Witness: M/Sgt. Patterson, of the office of the U.S. Air Attache.

One white object observed for 5-10 seconds through binoculars while it flew high and fast, crossing 30 degrees of sky.


March 29, 1950, Marrowbore Lake, Tennessee. 7 a.m:

Witnesses: real estate salesmen Whiteside and Williams.

Six-twelve dark objects shaped like 300-lb. bombs, estimated 5 feet long. Flew 500 m.p.h. and descended, making a noise like wind blowing through the trees.


April 8, 1950, Kokomo, Indiana. 2 a.m:

Witness: Earl Baker.

One grey metallic disc, 50' in diameter, 15' thick, top-shaped with a "conning tower" at the top and three ports on the rim giving off a blue light. It hovered for 2 minutes, then flew away. Baker aroused from sleep by his dog.


April 14, 1950, Ft. Monmouth, New Jersey. 2:30 p.m:

Witness: Army M/Sgt. James.

Four rectangular, amber objects, about 3' by 4'. changed speed and direction rapidly, the group of objects rose and fell during the 3-4 minute sighting.


May 7, 1950, Nine miles sough of Ely, Nevada. 6:45 p.m:

Witnesses: Mr. and Mrs. George Smith and their grandson.

One silvery white object hovered at 100' altitude, moved back and forth for 10 minutes and then flew up and away. Note in case file: "No investigation."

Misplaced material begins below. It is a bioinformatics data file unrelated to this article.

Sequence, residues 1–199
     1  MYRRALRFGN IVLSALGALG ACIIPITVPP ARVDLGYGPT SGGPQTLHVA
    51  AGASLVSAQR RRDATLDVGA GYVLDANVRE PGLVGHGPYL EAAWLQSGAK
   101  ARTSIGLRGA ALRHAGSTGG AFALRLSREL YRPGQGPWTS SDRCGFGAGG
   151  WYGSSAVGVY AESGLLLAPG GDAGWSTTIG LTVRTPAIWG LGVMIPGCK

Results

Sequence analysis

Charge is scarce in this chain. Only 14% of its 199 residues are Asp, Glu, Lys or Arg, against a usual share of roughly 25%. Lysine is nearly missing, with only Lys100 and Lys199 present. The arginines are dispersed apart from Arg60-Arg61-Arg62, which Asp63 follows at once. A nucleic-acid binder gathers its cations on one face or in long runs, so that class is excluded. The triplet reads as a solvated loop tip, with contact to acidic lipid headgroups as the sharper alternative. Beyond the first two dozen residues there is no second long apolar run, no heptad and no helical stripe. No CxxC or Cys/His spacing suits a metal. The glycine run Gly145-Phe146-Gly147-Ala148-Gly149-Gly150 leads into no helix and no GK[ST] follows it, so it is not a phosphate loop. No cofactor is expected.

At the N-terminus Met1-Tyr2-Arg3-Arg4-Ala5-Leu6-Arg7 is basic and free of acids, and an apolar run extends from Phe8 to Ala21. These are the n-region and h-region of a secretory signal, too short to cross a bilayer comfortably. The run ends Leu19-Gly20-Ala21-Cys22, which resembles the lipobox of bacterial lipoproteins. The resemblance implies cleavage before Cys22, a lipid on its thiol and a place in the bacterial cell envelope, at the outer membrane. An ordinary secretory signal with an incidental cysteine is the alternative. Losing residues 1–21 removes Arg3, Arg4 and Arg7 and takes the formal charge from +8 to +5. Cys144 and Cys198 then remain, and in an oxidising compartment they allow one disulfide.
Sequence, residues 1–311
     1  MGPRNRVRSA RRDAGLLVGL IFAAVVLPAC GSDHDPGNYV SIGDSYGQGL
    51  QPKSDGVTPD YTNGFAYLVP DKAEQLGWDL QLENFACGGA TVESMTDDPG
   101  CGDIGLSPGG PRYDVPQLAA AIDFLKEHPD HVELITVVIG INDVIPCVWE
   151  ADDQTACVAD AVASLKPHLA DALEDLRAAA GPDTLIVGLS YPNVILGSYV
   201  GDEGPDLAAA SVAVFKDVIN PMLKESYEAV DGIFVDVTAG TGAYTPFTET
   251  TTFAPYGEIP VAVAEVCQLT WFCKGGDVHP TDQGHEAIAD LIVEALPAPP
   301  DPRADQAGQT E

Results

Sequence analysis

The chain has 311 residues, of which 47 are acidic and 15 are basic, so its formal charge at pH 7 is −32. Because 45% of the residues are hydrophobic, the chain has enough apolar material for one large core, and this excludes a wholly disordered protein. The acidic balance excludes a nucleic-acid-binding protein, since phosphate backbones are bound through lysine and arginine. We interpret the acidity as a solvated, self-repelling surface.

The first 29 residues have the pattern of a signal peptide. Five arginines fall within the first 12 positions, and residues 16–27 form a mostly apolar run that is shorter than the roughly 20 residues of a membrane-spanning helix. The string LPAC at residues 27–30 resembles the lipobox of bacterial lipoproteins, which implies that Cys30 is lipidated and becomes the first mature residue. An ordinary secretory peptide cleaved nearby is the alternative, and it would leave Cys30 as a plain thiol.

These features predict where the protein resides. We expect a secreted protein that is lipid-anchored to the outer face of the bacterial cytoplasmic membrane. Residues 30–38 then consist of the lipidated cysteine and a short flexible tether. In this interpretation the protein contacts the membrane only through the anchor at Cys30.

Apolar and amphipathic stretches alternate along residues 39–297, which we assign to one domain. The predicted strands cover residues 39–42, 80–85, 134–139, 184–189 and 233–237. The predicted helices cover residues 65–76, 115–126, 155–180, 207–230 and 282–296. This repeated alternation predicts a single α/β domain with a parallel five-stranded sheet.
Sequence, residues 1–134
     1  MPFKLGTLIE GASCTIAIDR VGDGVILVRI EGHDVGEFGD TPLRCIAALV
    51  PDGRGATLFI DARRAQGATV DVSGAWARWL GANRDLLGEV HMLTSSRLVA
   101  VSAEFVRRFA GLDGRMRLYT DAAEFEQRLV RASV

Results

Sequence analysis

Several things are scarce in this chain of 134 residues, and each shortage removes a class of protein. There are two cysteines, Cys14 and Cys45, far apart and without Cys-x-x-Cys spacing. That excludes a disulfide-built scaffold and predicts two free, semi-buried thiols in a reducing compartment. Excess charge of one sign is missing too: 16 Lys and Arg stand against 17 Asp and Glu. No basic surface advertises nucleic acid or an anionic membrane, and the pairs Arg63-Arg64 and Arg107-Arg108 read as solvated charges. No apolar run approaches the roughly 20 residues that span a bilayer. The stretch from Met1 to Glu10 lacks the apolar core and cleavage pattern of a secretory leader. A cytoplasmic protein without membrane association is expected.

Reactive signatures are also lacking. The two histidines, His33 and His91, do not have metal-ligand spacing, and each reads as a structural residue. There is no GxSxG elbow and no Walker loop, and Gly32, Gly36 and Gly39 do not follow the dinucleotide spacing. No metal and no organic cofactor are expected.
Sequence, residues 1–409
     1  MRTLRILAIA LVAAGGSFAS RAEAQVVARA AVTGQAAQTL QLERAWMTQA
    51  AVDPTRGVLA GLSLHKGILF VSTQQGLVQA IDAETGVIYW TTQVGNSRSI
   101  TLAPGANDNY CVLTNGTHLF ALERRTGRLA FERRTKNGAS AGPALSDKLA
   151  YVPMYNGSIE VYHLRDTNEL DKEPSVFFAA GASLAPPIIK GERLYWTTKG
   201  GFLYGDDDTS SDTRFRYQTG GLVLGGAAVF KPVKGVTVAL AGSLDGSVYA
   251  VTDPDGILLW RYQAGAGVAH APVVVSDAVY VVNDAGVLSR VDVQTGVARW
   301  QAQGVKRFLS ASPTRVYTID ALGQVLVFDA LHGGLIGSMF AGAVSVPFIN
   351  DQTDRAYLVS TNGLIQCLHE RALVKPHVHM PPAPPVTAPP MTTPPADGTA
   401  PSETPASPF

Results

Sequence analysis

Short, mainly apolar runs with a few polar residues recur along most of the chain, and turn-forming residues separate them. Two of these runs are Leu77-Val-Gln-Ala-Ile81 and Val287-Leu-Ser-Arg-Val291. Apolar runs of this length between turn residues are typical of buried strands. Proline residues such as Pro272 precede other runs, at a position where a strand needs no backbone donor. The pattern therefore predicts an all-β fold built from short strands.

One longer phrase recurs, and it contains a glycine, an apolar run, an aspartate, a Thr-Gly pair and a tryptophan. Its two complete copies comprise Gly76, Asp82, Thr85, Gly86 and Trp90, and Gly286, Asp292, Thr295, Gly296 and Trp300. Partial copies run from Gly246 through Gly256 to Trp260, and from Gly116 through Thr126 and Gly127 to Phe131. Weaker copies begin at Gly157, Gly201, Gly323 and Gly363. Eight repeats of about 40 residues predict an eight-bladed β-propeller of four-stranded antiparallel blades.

June 27, 1950, Texarkana, Texas. 7:50 a.m:

Witnesses: Terrell and Yates, employees of Red River Arsenal.

One object, bright, shaped like two dishpans face-to-face, flew straight and level, fast for 4-5 seconds.


July 13, 1950, Redstone Arsenal, Alabama. 5 p.m:

Witnesses: two skilled Arsenal employees including Mr. Washburn.

one object, shaped like a bowtie, and like polished aluminum. Flew straight and level, then one triangle rotated 1/4 turn in the opposite direction and returned to its original position. The object then made a right-angle turn and accelerated away after at least 30 seconds.


Aug. 4, 1950, approx. 100 mi. SE of New York City (39' 35' N., 72' 24.5' W.). 10 a.m EDT:

Witnesses: Master Nils Lewring, Chief Mate Jacob Koelwyn, Third Mate, of M/V Marcala.

One 10' cylindrical object at 50-100' altitude, flying with a churning or rotary motion, accelerated at end of 15 second sighting.


Aug. 20, 1950, Nicosia, Cyprus. 1:30 p.m:

Witnesses: USAF MATS liaison officer Lt. William Ghormley, Col. W. V. Brown, Lt. col. L.w. Brauer.

One small, round, bright object flew fast, straight and level for 15-20 seconds.


Aug. 25, 1950, approx. 250 mi. SW of Bermuda (29' 40' N., 67* 28' W.). 8 p.m:

Witness: B-29 radarman S/Sgt. William Shaffer.

Radar observation, plus possible blue streak 3 minutes later. B-29 followed unidentified target, then passed it at l/4-mile distance, target followed for 5 minutes, then passed B-29 and sped away. Total time of tracking: 20 minutes.


Aug. 30, 1950, Sandy Point, Newfoundland, Canada. 1:30 p.m:

Witnesses: three local employees, including Kaeel and Alexander, of the Air Force Base.